Nigeria has set a target to achieve a modern contraceptive rate of 27% among all women by 2020—down from a previous target of 36% by 2018 set at a previous FP summit in London.
Health minister Isaac Adewole also pledged Nigeria would increase its annual allocation for contraceptives to $4 million.
The increase means a total of $56 million could be disbursed to states through the Global Financing Facility and through international development assistance loans.
Nigeria has up to 3.8 million married and sexually active adolescents ages 15 to 19. Nineteen out of every 100 hundred want to use some form of contraception but can’t get it.
The increased funding means an additional 584,000 adolescent girls could get access to modern contraception by 2020, according to estimates, and reduce adolescent birth rate by 14%.
Among pledges, Nigeria will remove regulatory barriers and scale up access to new contraceptive methods such Sayana Press.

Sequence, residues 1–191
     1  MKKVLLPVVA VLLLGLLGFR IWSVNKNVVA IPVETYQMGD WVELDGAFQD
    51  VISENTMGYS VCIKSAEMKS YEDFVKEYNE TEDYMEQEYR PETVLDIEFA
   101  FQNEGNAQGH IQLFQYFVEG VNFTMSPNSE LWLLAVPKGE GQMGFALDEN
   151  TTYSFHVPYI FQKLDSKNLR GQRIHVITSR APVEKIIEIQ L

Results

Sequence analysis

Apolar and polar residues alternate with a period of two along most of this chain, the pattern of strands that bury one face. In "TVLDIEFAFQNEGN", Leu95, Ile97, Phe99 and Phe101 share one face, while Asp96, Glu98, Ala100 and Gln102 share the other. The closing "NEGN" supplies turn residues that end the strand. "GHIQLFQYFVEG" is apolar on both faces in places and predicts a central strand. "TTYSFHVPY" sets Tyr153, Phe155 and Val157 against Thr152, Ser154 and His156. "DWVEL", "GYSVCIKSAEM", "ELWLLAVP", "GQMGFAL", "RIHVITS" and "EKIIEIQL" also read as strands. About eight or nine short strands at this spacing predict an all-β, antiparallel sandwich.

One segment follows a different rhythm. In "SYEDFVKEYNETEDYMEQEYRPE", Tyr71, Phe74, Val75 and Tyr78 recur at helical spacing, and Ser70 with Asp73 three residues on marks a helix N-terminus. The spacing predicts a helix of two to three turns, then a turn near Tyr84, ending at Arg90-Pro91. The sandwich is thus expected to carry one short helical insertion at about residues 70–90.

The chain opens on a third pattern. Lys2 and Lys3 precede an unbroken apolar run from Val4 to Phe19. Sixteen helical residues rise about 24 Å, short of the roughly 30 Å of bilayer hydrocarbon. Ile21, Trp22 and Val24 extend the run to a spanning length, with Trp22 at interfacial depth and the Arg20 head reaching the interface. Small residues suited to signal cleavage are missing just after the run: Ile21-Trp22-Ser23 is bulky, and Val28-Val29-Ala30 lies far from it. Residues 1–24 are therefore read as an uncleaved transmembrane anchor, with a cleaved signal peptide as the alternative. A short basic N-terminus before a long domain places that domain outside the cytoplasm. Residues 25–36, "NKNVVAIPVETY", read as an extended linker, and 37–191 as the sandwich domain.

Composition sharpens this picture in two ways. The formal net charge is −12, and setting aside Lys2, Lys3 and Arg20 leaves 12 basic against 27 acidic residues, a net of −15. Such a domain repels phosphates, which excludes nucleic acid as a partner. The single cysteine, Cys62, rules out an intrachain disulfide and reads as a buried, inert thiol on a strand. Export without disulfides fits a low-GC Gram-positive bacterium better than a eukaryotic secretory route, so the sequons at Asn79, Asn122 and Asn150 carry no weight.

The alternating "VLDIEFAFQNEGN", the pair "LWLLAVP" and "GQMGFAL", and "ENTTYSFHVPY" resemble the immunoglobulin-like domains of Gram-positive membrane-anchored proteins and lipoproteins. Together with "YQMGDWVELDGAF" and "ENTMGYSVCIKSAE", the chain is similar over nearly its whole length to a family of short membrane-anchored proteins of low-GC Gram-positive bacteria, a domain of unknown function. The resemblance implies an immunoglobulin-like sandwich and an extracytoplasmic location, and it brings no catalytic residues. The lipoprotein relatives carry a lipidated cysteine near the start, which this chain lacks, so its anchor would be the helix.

It will also increase to 20,000 the number of health facilities providing family planning services nationwide and use its 10,000 primary health centres to raise awareness about family planning.
To address financial barriers, the government will collaborate with states, donors and other stakeholders on a health insurance scheme to make household family planning expenditures reimbursable.
The pledges came at the FP2020 Summit in London, where more than 60 governments and partners have committed to spend at least $2.5 billion by 2020.
More than half of the funding announced at the summit was committed by countries in Asia and Africa.
The Family Planning Summit is co-hosted by the UK Government, UNFPA, the United Nations Population Fund and the Bill & Melinda Gates Foundation, in close partnership with the Family Planning 2020 Secretariat (FP2020).